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Prop bets are ridiculous things, but those who make the odds are often in the know. This is proven year after year, when Vegas keeps making more money and the general betting public gripes about woulda coulda shouldas.
As such, maybe we should pay attention to some prop bet odds from the Football Betting Center to help give us some instruction on what might happen in tonight’s first round of the NFL draft.
For instance, the odds of QB Jameis Winston and Marcus Mariota going 1-2 (either order, but likely Winston first) are 1 to 2. For every $100 won, you’d need to wager $200. In other words, the draft doesn’t really get interesting until pick three (though a trade or a non-QB pick in the top two could change that).
For Vikings fans, the most interesting prop is about Adrian Peterson. The site puts the odds at 7 to 2 that Peterson will be traded during the draft. Essentially, they think it’s a long shot, but not a ridiculous long shot.
While I still think Peterson will be traded, I know I’m in the minority. Thank goodness we’ll all know soon enough.
Also, consider this an opportunity for shameless self-promotion: myself and Master Tesfatsion will be going live at 7 p.m. on startribune.com with a Vikings-focused draft livestream, and we’ll be staying on through the Vikings’ first-round pick (yes, even if they trade down). We’re both wearing suits, which is maybe enough to convince you to watch even if you don’t like football?
Andrew Wiggins this afternoon will become the ninth Minnesota top pro athlete — and first Timberwolves player — to win Rookie of the Year honors in his or her respective league over the past 25 seasons.
Here is a ranking of those nine athletes and how their careers turned out (with Wiggins’ ranking based on potential).
(Note: Numerous entities hand out top rookie honors in the NFL, but for our purposes this is a winner of the Associated Press award for either the top offensive or defensive rookie):
1) Adrian Peterson, NFL, 2007: Even with what transpired in the past year, Peterson will retire someday as one of the greatest running backs to ever play the game. Whether he does so in purple remains to be seen, but there’s no denying that he built on an amazing rookie season and kept on going.
2) Maya Moore, WNBA, 2011: The Lynx hadn’t made the playoffs for six consecutive seasons until Moore joined the team in 2011. Not only did they make it that year, but they also won the WNBA title. By her fourth season, she was the league MVP. It doesn’t get much better than that.
3) Randy Moss, NFL, 1998: He burst onto the scene, electrifying a fan base and taking the Vikings to the brink of the Super Bowl as a rookie. He had six great years here, a not-so-great-seventh, and some major accomplishments with New England. You could argue he belongs at the top of this list, but I put him here because there’s still a part of me that wonders if he could have been even better. I don’t wonder that about Peterson or Moore.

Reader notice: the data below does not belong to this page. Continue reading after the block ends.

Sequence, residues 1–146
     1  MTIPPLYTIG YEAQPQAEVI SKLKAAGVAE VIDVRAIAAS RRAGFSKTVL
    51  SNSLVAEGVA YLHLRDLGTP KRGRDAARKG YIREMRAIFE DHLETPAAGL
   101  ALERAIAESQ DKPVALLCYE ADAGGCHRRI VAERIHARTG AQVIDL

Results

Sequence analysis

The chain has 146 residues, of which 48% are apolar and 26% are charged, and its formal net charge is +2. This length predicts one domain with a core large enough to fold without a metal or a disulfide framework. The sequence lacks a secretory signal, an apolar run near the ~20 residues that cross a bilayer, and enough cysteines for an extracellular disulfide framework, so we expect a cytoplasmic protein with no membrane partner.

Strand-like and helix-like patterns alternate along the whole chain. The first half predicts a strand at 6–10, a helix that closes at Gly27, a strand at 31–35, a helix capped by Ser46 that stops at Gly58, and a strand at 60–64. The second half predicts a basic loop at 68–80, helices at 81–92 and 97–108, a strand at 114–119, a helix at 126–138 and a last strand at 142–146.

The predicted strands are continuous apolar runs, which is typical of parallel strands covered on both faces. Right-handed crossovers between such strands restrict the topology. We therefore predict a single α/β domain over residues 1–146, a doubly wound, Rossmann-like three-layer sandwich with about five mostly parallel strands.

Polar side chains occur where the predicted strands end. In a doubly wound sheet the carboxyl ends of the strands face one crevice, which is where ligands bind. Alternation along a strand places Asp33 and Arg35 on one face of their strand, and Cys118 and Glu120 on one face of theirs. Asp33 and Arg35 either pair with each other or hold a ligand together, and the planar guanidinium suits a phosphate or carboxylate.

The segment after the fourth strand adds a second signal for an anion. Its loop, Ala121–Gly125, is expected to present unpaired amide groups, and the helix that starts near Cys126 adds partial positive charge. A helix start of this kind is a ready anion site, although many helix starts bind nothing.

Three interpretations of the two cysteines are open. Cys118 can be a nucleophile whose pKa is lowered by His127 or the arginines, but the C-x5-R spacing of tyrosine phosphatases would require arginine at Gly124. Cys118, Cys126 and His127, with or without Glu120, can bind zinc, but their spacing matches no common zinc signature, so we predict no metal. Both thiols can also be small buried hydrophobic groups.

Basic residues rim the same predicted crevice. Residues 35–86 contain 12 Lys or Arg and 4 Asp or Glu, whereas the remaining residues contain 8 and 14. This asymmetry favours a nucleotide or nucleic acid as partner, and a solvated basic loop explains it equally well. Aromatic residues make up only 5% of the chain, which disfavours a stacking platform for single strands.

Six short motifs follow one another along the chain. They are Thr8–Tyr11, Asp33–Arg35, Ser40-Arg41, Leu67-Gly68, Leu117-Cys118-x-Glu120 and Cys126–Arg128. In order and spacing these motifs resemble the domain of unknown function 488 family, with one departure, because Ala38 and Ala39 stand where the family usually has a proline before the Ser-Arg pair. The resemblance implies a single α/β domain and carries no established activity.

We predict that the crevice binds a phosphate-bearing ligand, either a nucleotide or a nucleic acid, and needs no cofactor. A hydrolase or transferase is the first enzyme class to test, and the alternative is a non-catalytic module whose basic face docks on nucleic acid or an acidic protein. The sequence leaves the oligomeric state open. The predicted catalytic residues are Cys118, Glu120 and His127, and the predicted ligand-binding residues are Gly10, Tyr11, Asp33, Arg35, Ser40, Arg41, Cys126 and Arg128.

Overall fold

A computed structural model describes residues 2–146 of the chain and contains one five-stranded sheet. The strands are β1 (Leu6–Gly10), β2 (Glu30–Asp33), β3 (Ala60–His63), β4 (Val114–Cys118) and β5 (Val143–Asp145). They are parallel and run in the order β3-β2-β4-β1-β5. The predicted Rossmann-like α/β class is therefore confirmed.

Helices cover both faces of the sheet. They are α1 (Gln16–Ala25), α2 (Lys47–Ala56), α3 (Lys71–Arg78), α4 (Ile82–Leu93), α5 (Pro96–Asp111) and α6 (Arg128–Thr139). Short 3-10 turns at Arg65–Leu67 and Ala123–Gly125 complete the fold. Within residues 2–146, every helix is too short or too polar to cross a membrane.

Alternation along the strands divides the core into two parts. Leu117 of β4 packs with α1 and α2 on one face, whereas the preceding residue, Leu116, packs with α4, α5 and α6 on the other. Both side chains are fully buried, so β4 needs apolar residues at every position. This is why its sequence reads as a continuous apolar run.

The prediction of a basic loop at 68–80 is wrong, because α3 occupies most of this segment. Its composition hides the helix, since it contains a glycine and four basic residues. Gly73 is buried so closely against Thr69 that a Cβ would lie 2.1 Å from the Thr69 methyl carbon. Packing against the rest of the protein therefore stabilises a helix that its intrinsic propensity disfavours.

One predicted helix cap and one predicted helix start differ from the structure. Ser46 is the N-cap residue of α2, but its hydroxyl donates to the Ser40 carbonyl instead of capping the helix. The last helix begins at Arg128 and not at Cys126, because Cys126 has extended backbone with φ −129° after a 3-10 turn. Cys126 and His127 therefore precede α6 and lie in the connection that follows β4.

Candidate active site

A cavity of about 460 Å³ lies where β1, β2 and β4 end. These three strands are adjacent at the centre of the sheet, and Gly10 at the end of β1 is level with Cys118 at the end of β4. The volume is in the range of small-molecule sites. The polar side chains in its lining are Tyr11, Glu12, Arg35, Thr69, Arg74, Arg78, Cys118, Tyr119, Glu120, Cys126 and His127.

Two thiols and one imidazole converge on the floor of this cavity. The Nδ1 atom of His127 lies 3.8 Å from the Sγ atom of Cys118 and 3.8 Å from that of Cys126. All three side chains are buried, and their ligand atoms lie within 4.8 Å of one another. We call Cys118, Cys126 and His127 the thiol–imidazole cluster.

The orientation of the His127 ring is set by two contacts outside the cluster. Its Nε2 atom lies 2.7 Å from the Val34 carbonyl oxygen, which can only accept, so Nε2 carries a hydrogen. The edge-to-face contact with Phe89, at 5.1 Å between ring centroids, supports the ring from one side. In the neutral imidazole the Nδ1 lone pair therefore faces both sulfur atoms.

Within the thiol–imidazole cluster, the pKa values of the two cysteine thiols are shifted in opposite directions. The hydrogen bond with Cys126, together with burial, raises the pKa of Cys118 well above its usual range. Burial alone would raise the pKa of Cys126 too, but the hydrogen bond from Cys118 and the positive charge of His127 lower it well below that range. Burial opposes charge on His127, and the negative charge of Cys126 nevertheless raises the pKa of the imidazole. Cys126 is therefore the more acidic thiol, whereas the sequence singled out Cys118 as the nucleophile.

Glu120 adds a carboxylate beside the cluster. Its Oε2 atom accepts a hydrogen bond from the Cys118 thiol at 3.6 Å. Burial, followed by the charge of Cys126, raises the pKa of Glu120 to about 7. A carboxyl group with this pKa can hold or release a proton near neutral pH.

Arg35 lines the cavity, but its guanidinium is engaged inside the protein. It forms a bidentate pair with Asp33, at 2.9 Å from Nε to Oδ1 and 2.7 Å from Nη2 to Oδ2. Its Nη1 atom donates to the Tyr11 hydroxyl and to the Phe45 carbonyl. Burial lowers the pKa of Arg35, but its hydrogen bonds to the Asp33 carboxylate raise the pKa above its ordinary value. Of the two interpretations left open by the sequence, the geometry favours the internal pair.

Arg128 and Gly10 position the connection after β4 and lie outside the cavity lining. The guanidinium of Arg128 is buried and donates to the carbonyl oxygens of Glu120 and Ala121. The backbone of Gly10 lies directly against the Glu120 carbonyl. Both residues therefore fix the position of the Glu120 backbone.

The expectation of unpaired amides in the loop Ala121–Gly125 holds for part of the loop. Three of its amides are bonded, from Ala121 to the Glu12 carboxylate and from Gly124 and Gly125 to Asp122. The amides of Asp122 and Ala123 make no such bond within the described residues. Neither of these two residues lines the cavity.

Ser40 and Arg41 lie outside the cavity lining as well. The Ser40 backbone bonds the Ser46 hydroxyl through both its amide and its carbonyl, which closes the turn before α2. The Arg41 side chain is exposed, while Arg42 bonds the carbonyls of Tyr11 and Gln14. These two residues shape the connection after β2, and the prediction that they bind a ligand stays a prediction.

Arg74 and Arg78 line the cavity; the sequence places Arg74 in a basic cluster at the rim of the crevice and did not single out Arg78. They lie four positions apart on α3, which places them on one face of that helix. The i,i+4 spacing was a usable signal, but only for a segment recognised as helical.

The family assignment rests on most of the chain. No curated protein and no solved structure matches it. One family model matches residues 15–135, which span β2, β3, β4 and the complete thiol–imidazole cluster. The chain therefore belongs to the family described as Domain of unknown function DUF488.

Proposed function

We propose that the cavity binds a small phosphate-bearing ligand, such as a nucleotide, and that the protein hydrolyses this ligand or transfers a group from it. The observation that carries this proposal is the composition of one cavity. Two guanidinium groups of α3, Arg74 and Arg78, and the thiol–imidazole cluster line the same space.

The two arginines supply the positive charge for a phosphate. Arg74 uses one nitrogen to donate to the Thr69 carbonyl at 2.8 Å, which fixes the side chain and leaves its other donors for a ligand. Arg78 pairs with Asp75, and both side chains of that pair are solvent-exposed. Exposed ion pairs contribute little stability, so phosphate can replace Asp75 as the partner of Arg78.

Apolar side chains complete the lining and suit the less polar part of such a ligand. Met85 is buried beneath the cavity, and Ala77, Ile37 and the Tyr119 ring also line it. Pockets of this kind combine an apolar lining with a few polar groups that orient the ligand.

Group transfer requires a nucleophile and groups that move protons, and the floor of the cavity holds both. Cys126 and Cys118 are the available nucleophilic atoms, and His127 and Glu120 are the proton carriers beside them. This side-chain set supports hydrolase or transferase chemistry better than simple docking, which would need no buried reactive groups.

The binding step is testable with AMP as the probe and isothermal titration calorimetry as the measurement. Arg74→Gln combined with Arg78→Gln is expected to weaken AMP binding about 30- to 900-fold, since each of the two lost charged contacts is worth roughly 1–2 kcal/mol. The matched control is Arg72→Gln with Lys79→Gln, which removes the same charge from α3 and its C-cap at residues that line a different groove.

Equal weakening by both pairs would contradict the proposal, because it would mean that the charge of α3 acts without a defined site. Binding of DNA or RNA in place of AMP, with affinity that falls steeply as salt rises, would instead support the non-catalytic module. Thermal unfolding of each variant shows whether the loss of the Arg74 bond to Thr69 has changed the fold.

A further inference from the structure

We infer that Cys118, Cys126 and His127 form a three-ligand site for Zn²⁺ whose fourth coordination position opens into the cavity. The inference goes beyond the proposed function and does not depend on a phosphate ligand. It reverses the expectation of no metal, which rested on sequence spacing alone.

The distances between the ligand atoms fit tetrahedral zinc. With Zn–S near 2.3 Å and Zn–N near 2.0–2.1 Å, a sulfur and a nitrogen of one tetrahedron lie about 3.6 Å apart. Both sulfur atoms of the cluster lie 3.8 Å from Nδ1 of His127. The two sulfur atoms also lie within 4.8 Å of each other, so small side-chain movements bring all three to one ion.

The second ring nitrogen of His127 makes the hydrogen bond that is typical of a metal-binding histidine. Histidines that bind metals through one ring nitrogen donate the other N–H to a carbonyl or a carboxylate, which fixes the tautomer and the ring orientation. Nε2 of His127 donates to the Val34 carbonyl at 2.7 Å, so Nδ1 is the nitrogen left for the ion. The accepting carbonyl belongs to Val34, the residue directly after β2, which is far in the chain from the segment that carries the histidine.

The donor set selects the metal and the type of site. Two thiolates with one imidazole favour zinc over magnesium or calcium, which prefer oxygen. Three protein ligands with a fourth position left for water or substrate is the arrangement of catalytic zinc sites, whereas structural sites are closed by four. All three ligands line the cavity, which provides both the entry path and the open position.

4) Andrew Wiggins, NBA, 2015: This is lofty company, showing what I think of Wiggins’ potential. He might not have the gear to become one of the greatest ever at his position like Peterson or Moss, but can I picture a day when he’s one of the top 10-15 players in the NBA? Easily, and it’s not that far off.
5) Seimone Augustus, WNBA, 2006: She’s a five-time All-Star and the MVP of the 2011 finals — a great player, a smooth scorer and a huge part of the success the Lynx have had in recent years.
6) Chuck Knoblauch, MLB, 1991: His career and later his life took a downturn, but let’s not forget that a rookie Knoblauch was a key to the 1991 World Series title and an in-his-prime Chuck was a sight to behold. In 1996, for example, he hit .341 with 140 runs scoerd, 62 extra-base hits, a .448 OBP and a .965 OPS — one of the top seasons at the plate for any Twins hitter in the past 20 years.
7) Percy Harvin, NFL, 2009: There was a time when I could not have imagined Harvin being so far down on this list. But for as dynamic as he can be, Harvin has never had a 1,000-yard receiving season and is on his fourth NFL team.
8) Betty Lennox, WNBA, 2000: Won top rookie honors and then played just 16 more games with the Lynx before being traded. Lennox revived her career with Seattle and had a nice prime, but her rookie season still might have been her best.
9) Marty Cordova, MLB, 1995: A very good rookie year, a great second year … and then his production dipped for the rest of his career.